Part III will further bolster the powers of law enforcement agencies by modernising powers of seizure. The Bill gives the police and other law enforcement agencies powers to seize material and remove it for sifting elsewhere. The new measures address two separate issues. They deal with the problems identified in the Bramley judgment, which brought into focus the difficulties faced by the police and other investigators when the material that they are entitled to seize is mixed with a collection of material to which that entitlement does not apply.

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Sometimes, those investigating a crime may not know to which part their entitlement applies, especially when the material is stored electronically. In the Bramley judgment, the divisional court recognised the defect in the law, but said that it could be overcome only by making changes in primary legislation. The Bill removes those difficulties by giving police and other law enforcement agencies power to remove material from premises for examination where constraints of time or technology make it not reasonably possible to carry out the process on the premises.

In part IV, significant changes are made to the Police and Criminal Evidence Act 1984. One of the most important types of evidence used by the police in a wide range of criminal cases today comes from DNA samples. We have extended, in practice, this scope and use of DNA by substantial investment in the forensic science service and in the availability of scenes-of-crime officers. The police, in turn, are using DNA testing not only for very serious crimes but as a way of identifying prolific offenders such as burglars and car criminals.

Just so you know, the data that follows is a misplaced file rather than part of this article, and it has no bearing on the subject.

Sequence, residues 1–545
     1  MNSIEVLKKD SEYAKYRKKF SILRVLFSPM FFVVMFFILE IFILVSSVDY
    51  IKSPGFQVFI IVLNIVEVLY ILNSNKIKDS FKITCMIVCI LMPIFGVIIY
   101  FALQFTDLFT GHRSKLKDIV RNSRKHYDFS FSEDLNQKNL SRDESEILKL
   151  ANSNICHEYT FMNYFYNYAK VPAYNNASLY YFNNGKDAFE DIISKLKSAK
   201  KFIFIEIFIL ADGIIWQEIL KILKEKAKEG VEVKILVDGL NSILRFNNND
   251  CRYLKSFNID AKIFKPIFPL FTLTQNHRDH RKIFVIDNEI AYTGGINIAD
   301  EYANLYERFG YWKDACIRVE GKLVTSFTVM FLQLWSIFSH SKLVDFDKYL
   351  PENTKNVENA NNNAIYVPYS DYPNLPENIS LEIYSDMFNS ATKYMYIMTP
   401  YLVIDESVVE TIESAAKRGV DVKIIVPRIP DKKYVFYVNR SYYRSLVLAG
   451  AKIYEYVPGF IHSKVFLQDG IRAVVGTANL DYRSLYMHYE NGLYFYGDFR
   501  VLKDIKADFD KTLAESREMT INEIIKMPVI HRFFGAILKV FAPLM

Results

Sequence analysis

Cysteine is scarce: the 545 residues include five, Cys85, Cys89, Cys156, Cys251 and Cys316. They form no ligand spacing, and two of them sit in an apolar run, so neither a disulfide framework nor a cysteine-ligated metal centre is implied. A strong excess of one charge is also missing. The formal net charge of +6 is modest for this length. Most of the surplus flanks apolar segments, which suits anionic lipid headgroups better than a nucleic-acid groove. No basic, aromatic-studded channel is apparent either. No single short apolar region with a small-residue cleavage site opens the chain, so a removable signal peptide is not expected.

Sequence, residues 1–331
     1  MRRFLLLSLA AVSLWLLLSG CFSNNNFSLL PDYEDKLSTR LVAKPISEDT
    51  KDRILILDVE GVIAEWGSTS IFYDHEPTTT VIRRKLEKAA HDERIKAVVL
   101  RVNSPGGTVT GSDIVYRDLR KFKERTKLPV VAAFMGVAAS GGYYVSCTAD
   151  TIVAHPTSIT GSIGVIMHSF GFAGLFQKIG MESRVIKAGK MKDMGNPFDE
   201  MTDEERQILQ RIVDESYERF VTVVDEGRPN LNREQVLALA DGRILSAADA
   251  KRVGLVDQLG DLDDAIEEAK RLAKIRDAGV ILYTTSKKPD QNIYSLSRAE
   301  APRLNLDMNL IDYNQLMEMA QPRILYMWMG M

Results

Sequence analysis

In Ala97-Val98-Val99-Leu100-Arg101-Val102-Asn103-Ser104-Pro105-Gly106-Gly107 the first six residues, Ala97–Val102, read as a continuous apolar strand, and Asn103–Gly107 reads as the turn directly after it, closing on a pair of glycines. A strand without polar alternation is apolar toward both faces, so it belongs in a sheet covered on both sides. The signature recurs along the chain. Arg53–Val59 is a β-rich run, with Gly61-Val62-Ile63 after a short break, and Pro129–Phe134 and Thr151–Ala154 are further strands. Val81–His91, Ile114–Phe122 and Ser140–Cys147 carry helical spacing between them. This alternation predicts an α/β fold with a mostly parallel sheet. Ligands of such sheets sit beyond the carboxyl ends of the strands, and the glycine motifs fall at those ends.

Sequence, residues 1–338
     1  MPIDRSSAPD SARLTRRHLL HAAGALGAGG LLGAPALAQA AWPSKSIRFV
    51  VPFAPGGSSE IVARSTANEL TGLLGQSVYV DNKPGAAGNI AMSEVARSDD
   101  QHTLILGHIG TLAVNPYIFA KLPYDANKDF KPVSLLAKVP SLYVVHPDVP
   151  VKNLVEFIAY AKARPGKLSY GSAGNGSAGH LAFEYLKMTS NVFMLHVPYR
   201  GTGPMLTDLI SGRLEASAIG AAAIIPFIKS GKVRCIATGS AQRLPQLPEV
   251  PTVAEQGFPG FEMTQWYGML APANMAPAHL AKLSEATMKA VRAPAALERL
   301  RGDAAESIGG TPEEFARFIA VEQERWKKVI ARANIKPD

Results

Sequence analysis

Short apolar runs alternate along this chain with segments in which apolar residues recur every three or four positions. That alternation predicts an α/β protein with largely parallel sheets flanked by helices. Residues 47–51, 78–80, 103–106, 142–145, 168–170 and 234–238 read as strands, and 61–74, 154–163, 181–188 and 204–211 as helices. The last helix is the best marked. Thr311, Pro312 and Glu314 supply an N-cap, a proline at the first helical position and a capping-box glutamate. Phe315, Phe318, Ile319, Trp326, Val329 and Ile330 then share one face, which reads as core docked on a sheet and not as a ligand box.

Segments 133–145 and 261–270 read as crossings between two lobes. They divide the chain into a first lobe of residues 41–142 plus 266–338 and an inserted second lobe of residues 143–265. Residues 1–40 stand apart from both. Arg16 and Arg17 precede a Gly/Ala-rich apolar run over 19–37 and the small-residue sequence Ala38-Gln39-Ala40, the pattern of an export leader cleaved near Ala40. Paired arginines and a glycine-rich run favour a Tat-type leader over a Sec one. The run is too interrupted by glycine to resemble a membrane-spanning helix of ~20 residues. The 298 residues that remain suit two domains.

In almost every criminal case, the first and overwhelming question before the police and the courts is the identity of the person who committed the offence. Who was it? Before the turn of the last century, when the first fingerprint standard was agreed by New Scotland Yard, identity could be established only through the testimony of witnesses or through the accused's confession. Over the past 100 years, science and technology has come to the aid of justice, moving in fingerprinting from visual comparisons of images on paper to digital capture and searching, with the ability to make more than 1 million fingerprint comparisons every second. However, the use of DNA profiling--first developed in 1985 and, happily, in this country--offered the most important forensic advance of the late 20th century.